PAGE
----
Five years ago Hernando Today published a piece I wrote about highly industrialized Germany, which was Europe’s biggest economy and then the world’s biggest exporter – yes, bigger than China, which by then had overtaken the United States’s exports.
Germany became known as “the workshop of the world” because of its unique “Mittelstand” family owned businesses which accounted for 70 percent of its jobs. These are the backbone of the German economy, which is known for the manufacture of complex quality engineered products, while in the United States, new jobs predominantly are in the service sector. Although the German word means “middle class,” it has come to mean small- to medium-sized companies which employ less than 250 workers.
Now get this: Germany is a country with a population of about 80 million. Analysts estimate Germany has an astonishing 3.7 million Mittelstand companies. China has a population of 1.4 billion people and the Chinese have nothing like Mittelstand companies, but have long admired and imported German-made products. When I first learned about these family owned enterprises, the German media already was reporting younger Germans were losing interest in continuing the family traditions.
The Chinese investment machine has taken notice. The China Review reported about Aichtal, a town of less than 10,000, becoming the headquarters for Sany, a massive Chinese construction company with more than 60,000 employees scattered across 150 countries. This small unnoticed town is the home of Putzmesiter, a German concrete pump manufacturer, which Sany agreed to buy in a $619 million deal. The Chinese agreed to no layoffs of Sany’s current workers until 2020.
Bloomberg has reported that since 2011 China has snapped up at least 21 Mittelstand companies, not just to “snatch advanced technologies for use back in China,” but “to acquire German talent as well.” As one analyst said, you don’t spend more than half a billion dollars on a company like Putzmsiter just to dismantle it.
China has the almost impossible challenge of changing itself from a largely rural country of peasant workers in the 1970s to a middle-class urbanized society which will need an untold number of manufacturing jobs. As the Economist noted, since economic reforms were launched, “China’s urban population had grown by the equivalent of the people in the United States plus three Britains.” These people will need to acquire valuable skills by collaborating with German Mittelstand companies. The Chinese – like the Germans – have set their sights on good-paying middle-class jobs, not just raising the minimum wage.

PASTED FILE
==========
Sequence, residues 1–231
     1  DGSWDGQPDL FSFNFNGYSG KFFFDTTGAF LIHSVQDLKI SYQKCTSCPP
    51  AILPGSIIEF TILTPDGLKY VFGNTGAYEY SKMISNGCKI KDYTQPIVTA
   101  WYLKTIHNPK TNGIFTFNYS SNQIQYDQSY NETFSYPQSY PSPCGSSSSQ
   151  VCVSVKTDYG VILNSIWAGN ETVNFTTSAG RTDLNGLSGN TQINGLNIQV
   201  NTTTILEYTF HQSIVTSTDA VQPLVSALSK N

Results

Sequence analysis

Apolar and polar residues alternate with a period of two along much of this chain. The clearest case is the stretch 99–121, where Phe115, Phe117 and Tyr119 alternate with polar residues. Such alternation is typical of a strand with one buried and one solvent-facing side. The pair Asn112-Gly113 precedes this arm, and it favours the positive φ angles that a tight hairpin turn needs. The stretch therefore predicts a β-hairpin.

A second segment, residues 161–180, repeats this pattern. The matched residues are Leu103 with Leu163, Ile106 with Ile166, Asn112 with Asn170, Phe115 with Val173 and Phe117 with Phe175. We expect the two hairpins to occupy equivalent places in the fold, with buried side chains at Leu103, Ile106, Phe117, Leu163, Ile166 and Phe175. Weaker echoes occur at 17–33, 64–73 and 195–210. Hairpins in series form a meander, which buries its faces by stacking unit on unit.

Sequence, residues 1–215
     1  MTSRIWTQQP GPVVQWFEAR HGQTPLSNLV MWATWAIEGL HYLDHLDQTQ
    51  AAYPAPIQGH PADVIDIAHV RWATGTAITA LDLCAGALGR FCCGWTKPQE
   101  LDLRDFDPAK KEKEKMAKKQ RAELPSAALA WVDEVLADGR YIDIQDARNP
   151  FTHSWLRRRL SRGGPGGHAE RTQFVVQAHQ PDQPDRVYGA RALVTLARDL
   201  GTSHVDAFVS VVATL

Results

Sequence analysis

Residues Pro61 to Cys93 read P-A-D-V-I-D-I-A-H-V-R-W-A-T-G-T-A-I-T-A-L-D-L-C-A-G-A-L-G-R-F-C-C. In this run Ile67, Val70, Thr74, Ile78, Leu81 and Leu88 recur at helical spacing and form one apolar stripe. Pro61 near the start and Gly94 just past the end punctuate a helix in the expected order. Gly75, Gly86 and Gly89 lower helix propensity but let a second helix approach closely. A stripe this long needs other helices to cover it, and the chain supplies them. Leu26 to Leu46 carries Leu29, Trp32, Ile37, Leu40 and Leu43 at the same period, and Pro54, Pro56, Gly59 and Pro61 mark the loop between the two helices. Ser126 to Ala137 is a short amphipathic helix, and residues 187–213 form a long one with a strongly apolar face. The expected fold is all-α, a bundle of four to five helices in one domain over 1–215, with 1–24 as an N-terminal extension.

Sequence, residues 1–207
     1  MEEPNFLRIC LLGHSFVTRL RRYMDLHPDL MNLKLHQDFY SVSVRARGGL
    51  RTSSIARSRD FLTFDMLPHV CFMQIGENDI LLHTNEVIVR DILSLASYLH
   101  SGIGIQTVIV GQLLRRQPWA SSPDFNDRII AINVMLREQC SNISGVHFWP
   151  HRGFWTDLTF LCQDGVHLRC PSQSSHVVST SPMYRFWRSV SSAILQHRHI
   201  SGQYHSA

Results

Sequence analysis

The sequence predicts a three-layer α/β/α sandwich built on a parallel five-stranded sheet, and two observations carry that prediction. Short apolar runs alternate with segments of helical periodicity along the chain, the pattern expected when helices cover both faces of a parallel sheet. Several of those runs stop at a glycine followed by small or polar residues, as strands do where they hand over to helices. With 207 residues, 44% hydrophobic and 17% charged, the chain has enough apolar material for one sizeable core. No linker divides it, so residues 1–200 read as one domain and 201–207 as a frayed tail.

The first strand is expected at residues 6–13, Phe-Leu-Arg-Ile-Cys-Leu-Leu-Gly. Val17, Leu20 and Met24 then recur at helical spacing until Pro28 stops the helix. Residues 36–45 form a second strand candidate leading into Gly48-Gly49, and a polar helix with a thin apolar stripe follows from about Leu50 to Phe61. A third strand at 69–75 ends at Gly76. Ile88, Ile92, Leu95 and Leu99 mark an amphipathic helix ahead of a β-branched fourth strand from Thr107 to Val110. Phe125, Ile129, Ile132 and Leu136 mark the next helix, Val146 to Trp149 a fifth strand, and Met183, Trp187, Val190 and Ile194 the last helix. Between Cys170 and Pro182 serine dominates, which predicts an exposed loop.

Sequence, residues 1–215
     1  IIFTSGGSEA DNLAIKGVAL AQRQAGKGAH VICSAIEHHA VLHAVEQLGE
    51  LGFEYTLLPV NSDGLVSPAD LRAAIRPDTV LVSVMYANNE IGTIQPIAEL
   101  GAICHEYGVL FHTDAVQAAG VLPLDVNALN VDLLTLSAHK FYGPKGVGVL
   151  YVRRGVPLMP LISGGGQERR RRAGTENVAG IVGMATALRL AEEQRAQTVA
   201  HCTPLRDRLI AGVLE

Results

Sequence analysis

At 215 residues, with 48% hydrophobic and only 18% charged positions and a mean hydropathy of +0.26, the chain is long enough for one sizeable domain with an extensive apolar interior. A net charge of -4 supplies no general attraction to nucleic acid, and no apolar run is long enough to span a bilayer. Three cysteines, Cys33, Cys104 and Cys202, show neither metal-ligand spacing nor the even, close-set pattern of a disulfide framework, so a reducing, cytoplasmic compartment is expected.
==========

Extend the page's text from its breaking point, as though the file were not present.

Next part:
Not unlike the United States, China runs the risk of social unrest with a large population of under-skilled, unhappy, low-wage workers. Foreign investment should create opportunities for millions of Chinese – and not just in Germany. Forbes reported that China’s “foreign direct investment will grow from currently $500 billion to $1 trillion to $2 trillion by 2020, and a significant share of this will build global capabilities in innovation and technology.” (Investing in natural resources in Africa doesn’t move a country up the technological food chain.)
Underlying this shift in policy is the Chinese respect for what they believe to be a stable sophisticated country – a safe place for serious investments. The Chinese government doesn’t make snap decisions. The head researcher of a think tank for China’s overseas investments at China’s Social Science Academy selected Germany as the safest country in the world for China to invest in, based on its economic strength, [and] financial stability…”
(Is there a message here for this administration which is in a constant state of warfare with entrepreneurial corporate job creators?)
German Chancellor Angela Merkel is no pushover, and is emerging as the strongman of Europe. The Chinese government respects that. To show just how much the Chinese investment machine is interested in Germany and Europe generally, President Xi Jinping met with Merkel this year in Germany on the last leg of his European tour along with a delegation of 200 Chinese business leaders.
Xinhuanet.com, a Chinese website, reported that Xi proposed the building of a modern day “Silk Road” economic belt with Germany and China at opposite ends, “serving as the driving engines for economic growth … for Asia and Europe.” This is pretty heavy stuff for Chinese surfers of the web reading the local news.
The Wall Street Journal reported that “Germany is starting to attract the interest of Chinese students” because of its strength in subjects such as engineering.” (There are 30,000 students studying in Germany now.)
In a telling remark by a Chinese female entrepreneur who has traveled to Germany looking for business opportunities, she thinks Germany will be a good place to educate her 3-year-old daughter. She observed that, “Germans are conservative and can be a little rigid, but they actually make me feel safer as business partners.” (That isn’t exactly what you would label a rousing endorsement of the business practices of her own countrymen.)
And to think this all started with middle-class, family-owned, nose-to-the-grindstone Mittelstand companies.
John Reiniers is a retired lawyer and regular contributor who lives in Spring Hill. Email him at firstname.lastname@example.org.